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Beyond the Transaction: Every Transaction Has a Story

Eight Insights into the Japanese Consumer


At MasterCard Japan, we are dedicated to developing and bringing to market better payment solutions. There is abundant evidence that if you make the payment experience safer, easier and/or more rewarding, you are likely to see a change in consumer behavior.

Recently, we asked 1,000 Japanese consumers to share their views on the subject of payment safety and related issues. Here’s what they said.

Cash feels safe. That explains why 8 in 10 consumer-to-business transactions are in cash. The majority of Japanese consumers still fail to grasp the costs of cash – from getting it at an ATM to securing it and frequent cash users failing to recognize the superior protections afforded to lost credit cards versus lost cash.

Technology for technology’s sake isn’t enough. The introduction of an early version of a digital wallet in 2004 – a decade before Apple Pay – didn’t resonate because it didn’t solve any problems – nothing was measurably safer, easier or more rewarding. Today, Apple Pay is generating much more excitement given its potential to delivery on all those three areas.

Consumers are willing to switch when technology adds value. That was borne out in 2000, when contactless transit payment cards were introduced. The cards offered no reward or discount, but they did offer ease. And they made it simpler, easier, and faster to board a bus or train – a solution that in a very short period of time was adopted by an overwhelming percentage of Japan’s transit riders.

Payment certainty at the time of checkout for traditional retail or upon delivery for e-commerce is a critical factor for Japanese consumers.

Overspending is a big concern. Traditional Japanese banking and related consumer behaviors produce a system where it is very common for most families to keep the majority of their investable funds in the main bank account. Many Japanese are therefore reluctant to use debit cards, worrying that any error might put their life savings at risk. MasterCard’s leading technology including alerts and spending controls can give Japanese consumers much greater control and peace of mind which is why we’re seeking to deliver that as part of any domestic debit program.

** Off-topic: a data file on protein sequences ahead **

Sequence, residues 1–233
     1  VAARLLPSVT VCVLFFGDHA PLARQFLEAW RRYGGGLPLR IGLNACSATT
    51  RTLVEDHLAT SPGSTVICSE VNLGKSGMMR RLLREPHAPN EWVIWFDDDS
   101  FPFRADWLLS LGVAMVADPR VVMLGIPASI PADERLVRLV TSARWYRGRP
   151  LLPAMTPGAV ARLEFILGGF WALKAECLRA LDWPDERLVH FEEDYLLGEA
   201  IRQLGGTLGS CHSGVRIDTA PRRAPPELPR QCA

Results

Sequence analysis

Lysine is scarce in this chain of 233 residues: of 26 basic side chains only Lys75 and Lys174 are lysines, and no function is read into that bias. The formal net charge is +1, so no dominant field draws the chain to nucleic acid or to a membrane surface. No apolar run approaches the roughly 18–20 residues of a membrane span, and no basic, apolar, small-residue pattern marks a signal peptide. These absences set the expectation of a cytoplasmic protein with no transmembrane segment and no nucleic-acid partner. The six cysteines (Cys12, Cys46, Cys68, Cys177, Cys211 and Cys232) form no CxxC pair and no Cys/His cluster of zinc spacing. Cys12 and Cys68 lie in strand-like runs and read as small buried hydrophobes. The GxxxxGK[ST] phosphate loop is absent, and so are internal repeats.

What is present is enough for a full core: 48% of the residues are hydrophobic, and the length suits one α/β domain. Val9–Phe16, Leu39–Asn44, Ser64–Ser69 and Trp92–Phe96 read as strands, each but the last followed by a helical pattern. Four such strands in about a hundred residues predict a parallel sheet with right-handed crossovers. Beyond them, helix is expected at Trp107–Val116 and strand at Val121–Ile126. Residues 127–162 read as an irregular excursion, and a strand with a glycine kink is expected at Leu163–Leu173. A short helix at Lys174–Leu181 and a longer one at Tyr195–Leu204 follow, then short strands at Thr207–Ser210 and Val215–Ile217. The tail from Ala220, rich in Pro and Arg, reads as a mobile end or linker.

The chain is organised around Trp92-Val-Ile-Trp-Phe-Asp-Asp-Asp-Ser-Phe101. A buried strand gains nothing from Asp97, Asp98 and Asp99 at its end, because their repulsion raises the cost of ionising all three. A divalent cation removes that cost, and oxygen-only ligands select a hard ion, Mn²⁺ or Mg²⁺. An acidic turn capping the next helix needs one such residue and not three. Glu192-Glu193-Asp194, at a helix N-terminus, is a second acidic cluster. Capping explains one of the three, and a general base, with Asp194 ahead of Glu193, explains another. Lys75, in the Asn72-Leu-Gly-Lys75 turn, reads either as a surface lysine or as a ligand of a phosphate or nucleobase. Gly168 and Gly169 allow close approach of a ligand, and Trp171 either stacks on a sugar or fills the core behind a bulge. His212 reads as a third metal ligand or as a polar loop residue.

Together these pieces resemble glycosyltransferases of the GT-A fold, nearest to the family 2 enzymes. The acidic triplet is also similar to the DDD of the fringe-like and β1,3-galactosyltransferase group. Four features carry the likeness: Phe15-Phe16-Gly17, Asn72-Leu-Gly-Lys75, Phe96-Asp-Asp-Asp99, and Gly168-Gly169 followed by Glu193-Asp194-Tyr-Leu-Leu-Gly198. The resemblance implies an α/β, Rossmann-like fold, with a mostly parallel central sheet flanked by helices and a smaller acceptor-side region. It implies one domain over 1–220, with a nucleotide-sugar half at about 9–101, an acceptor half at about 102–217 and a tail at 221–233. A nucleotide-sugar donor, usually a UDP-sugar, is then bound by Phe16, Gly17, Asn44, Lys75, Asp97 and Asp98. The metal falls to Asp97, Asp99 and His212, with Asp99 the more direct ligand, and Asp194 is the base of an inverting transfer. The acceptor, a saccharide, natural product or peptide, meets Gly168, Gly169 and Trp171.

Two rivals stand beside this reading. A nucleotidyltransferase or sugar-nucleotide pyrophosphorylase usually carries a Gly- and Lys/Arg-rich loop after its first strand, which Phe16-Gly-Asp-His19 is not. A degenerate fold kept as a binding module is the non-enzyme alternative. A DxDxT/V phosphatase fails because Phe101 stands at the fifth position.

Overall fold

Consumers trust e-money – that is, prepaid cards. Consumers like the idea of putting a fixed amount of money onto a card. To consumers, prepaid cards seem safer because they can’t spend more than the amount loaded onto the card.  Now that MasterCard prepaid cards are available, consumers are appreciating that they can use the cards anywhere and even get rewards and promotions not offered by transit e-money.

Prepaid cards such as MasterCard’s “au wallet” have “checked all the boxes.” Consumers are responding in record numbers to our recent launch of this card, which has the added safety of being prepaid, and is easier and more rewarding that than e-money given global acceptance and program benefits.

“Safety” can also include “privacy”.  Japanese consumers place a very high value on privacy and cash’s last stronghold is its anonymous nature.  We’re not giving in to cash and we are currently developing a prepaid card that while KYC-compliant will shield the identity of the cardholder by removing it from the card itself.

Electronic payments are steadily gaining share in Japan – which while slow-growing remains one of the world’s largest in terms of personal consumption expenditures (PCE).  MasterCard Japan is seizing upon digital convergence, increased globalization and recent technologies to help accelerate this growth past a “tipping point” where Japan can soon join the ranks of other highly-developed economies with the majority of PCE conducted electronically.  Fundamental to our success will be our deep understanding of how Japanese consumers perceive and experience their payment solutions.

This article first appeared in BankIT Asia on 22 January 2015.

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